DVLA Commissions Tarkwa Office
The Driver and Vehicle Licensing Authority (DVLA) is poised to transform the way and manner in which it tests and trains drivers in the country.
According to the DVLA, the introduction of simulators and other related services would play a significant role in ensuring that new drivers and those renewing their licenses have acquired the skills and training required to stay safe on the road.
The authority is also piloting the execution of electronic vehicle registration to help revolutionize the way vehicles are registered in Ghana.
When fully deployed, Ghana would be one of the first countries in the world that is able to completely register a vehicle within an hour.
The authority is also partnering with the Environmental Protection Agency to implement national standards on vehicle emissions to help reduce air pollutants.
Chief Executive of DVLA, Kwasi Agyeman Busia, disclosed this at the official commissioning of a new DVLA office in Tarkwa in the Western Region.
It was part of efforts to decentralize the process of acquiring drivers' licences, and to bring DVLA services to the doorsteps of people.
The commencement of DVLA's operations in the Tarkwa-Nsuaem Municipality would save drivers and other transport operators the cost of travelling to the regional capital, Sekondi-Takoradi, to acquire their licences.
He noted that the DVLA was optimizing its mobile services to bring DVLA services to the people as it continued to work towards the construction of DVLA offices in all districts.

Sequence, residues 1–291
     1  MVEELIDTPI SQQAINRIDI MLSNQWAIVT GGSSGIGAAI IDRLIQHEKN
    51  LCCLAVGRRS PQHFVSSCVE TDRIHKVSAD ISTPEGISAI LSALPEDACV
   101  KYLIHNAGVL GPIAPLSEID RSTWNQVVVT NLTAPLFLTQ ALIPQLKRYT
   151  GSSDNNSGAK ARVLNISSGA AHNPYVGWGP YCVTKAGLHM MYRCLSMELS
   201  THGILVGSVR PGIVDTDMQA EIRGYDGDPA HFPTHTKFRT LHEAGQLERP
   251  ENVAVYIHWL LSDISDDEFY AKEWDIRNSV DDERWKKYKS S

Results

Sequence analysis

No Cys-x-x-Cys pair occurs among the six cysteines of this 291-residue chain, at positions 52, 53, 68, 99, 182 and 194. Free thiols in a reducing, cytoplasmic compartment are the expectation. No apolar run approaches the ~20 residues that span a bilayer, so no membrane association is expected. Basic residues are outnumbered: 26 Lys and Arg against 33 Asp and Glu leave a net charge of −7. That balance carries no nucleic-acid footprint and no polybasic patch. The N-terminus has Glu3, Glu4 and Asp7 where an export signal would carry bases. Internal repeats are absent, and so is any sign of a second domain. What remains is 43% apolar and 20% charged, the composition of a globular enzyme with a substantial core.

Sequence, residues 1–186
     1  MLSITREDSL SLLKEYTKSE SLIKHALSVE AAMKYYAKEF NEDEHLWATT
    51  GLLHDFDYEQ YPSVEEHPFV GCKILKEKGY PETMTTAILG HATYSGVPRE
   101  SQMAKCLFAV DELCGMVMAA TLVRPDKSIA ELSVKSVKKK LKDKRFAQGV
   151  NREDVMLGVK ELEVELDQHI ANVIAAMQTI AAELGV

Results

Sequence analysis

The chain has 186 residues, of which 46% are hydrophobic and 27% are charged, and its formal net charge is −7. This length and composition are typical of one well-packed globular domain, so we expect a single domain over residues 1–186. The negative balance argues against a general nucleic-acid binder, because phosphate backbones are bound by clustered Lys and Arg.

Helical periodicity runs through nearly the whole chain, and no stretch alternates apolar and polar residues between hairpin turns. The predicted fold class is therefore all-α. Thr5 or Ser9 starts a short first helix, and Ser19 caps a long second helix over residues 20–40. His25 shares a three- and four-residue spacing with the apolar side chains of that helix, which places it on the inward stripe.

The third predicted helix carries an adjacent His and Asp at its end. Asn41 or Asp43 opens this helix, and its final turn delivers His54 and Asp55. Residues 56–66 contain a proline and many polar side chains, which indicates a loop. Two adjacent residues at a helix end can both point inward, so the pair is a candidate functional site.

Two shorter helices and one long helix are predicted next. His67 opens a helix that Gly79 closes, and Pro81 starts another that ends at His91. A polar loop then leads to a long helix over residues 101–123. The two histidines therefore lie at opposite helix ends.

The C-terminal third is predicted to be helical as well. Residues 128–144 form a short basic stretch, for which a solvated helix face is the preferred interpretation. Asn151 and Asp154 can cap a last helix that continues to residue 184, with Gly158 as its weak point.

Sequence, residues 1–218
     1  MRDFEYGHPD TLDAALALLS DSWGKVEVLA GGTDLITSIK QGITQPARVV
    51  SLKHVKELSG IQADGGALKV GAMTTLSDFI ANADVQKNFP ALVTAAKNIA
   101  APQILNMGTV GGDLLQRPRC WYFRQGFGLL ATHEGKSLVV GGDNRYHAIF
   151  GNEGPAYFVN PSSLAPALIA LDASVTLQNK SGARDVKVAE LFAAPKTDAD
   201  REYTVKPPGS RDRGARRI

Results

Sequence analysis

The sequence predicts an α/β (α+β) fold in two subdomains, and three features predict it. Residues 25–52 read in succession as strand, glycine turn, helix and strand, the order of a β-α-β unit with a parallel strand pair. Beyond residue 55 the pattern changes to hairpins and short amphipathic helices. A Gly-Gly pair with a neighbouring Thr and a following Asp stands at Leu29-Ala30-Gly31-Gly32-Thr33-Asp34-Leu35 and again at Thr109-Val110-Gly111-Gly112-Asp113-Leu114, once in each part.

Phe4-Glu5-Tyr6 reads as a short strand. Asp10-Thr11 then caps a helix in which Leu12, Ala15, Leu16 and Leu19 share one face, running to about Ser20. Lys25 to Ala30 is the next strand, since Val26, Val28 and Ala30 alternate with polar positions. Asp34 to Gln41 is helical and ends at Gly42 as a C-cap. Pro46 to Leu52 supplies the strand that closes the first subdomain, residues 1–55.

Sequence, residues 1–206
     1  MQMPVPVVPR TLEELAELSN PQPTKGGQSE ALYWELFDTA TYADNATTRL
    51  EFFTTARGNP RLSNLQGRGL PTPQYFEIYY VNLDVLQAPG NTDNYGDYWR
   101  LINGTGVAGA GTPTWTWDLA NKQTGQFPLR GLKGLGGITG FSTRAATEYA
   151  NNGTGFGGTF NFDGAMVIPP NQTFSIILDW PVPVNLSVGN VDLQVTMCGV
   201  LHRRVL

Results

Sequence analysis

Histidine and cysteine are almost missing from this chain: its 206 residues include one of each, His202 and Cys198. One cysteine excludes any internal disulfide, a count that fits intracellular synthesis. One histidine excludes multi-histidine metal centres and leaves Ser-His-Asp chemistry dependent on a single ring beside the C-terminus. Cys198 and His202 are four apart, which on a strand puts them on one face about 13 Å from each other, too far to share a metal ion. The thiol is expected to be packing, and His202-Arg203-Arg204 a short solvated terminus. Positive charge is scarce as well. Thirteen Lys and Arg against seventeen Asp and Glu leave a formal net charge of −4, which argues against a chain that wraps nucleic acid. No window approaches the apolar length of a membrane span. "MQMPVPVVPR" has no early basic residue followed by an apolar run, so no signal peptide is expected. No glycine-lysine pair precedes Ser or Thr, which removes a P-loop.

He mentioned that the infusion of technology for speed and convenience in the DVLA Tertiary Drive project would make it simple and easy for tertiary students to get driver licenses before they graduated from school.
Mr. Busia added that the execution of the digitization of transport services would fully regulate the use of private vehicles for commercial activities.
He indicated that safe driving required clear central and adequate peripheral vision which was extremely important to DVLA’s core mandate, which was road safety.
The Board Chairman of DVLA, Frank Davies, was happy that currently DVLA clients could procure their licenses in less than 30 minutes for those who applied for prestige service.
The Western Regional Licensing Manager, Emmanuel Narh, mentioned that the Tarkwa office used to operate in a self-contained apartment due to some challenges with infrastructure.
The Tarkwa-Nsuaem Municipal Licensing Manager, Kwasi Bona Otuo-Srebuor, gave an assurance that his outfit would deliver fast, reliable and convenient services to drivers who would patronize their service.
He further entreated customers to transact business with only accredited staff of DVLA with identity tags, adding that the 'Goro' boys might swindle unsuspecting drivers.